New York state residents interested in preventing the spread of invasive species can take action.
Through Partnerships for Regional Invasive Species Management (PRISM), concerned residents collaborate with state agencies, resource managers, non-governmental organizations, industry, and resource users. Partnerships covering eight geographic areas are located across New York state.
Core PRISM functions are to:
- Plan regional invasive species management
- Develop early detection and rapid response capacity
- Implement eradication projects
- Educate — in cooperation with the Department of Environmental Conservation Coordinate PRISM partners
- Recruit and train volunteers
- Support research through citizenscience
NEW YORK STATE PRISM OFFICES
AdirondackAdirondack Park Invasive Program (APIPP)
Adirondack Nature Conservancy
PO Box 65
Keene Valley, NY 12943
Capital - Mohawk(Capital PRISM)
TNC Eastern NY Chapter
195 New Karner Rd Suite 201
Albany, NY 12205-4605
CatskillsCatskills Regional Invasive Species Partnership (CRISP)
Catskill Center for Conservation and Development
P.O. Box 504 State Highway 28
Arkville, NY 12406
Finger Lakes(FL PRISM)
TNC C/WNY Chapter
1048 University Ave.
Rochester, NY 14607
Long IslandLong Island Invasive Species Management Area (LIISMA)
TNC Long Island Chapter
250 Lawrence Hill Road
Cold Spring Harbor,
631-367-3225 ext. 125
Lower Hudson(Hudson PRISM)
Palisades Interstate Park Commission Administration Building
Bear Mountain, NY 10911
(845)786-2701 ext 299
David Strayer Cary
Institute of Ecosystem Studies
Millbrook, NY 12545- 0178
St. Lawrence and Eastern Lake Ontario (SLELO)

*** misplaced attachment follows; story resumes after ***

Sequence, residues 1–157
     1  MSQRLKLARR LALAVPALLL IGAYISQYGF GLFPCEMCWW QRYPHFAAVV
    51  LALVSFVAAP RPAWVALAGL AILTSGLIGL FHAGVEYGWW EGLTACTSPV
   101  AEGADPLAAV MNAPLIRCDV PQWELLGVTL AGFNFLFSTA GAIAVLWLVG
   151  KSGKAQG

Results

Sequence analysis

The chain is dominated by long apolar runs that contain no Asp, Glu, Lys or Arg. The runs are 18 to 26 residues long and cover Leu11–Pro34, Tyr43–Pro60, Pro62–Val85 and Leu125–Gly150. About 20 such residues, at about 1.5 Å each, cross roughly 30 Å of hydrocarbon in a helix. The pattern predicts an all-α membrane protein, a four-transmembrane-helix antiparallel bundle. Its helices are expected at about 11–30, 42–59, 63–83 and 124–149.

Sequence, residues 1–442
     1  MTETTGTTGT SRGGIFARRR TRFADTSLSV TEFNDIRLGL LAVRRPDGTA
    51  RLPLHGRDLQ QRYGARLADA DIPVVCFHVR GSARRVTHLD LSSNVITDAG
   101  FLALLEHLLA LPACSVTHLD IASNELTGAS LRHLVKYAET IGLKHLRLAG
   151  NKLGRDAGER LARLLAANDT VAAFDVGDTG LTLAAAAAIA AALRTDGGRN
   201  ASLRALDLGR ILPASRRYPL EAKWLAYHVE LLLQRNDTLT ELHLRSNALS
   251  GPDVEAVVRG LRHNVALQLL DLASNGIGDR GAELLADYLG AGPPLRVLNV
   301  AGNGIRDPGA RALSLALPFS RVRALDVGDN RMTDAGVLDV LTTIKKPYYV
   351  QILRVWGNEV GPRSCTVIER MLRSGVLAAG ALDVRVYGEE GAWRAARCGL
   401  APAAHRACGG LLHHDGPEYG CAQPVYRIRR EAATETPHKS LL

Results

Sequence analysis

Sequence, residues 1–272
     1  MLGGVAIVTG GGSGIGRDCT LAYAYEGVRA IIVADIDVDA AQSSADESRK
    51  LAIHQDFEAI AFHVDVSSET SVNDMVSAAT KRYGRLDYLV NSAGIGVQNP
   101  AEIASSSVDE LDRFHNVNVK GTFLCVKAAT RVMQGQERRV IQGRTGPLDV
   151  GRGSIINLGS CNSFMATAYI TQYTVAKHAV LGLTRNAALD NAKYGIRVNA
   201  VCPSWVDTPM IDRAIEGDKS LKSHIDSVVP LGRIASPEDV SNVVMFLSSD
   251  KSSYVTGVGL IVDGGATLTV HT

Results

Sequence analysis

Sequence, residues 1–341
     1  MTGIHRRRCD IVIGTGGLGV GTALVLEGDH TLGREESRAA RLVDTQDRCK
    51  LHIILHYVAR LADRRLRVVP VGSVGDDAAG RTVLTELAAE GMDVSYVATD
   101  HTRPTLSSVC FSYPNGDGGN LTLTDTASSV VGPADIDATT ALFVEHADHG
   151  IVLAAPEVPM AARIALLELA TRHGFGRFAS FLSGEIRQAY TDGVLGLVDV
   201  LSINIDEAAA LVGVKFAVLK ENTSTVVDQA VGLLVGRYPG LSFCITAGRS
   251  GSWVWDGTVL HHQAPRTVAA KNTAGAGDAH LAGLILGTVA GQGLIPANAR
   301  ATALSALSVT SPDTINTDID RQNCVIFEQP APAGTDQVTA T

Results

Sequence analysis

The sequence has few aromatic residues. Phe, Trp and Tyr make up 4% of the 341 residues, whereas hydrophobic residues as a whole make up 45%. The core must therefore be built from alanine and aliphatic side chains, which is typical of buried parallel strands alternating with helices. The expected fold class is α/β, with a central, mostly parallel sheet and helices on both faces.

Western New York(Western PRISM)
Ecology and Environment Buffalo Corporate Ctr.
368 Pleasant View Dr.
Lancaster, NY 14086
To join the listserv to any one of the above PRISMs, send an e-mail to cce-XXXX-l-
email@example.com with “join” [no quotes] in the message body. Replace XXXX with name listed in parenthesis for each above PRISM, but do not include any spaces in the PRISM name (e.g. for Lower Hudson send an e-mail to firstname.lastname@example.org).
Simple Steps to Prevent the Spread of Invasive Species
Invasive species are primarily introduced and moved from place to place by human activities. The good news is that we can do something to stop their spread.
Here are a few simple steps to help prevent the spread of invasive species:
Ladd Johnson, NOAA/Great Lakes
- Landscape and garden with non-invasive plants.
Ask your local nursery staff for help.
- Inspect and clean your boat and gear
thoroughly before moving between
different bodies of water.
- Clean mud and seeds from your
boots, bikes, or all-terrain vehicles
after each use.
- Use firewood local to the area you
are visiting to avoid introducing
dangerous forest pests and diseases.
- Never release aquarium fish and plants, live bait,
or pets into the wild.
- Volunteer locally to help remove invasive species. Educate others.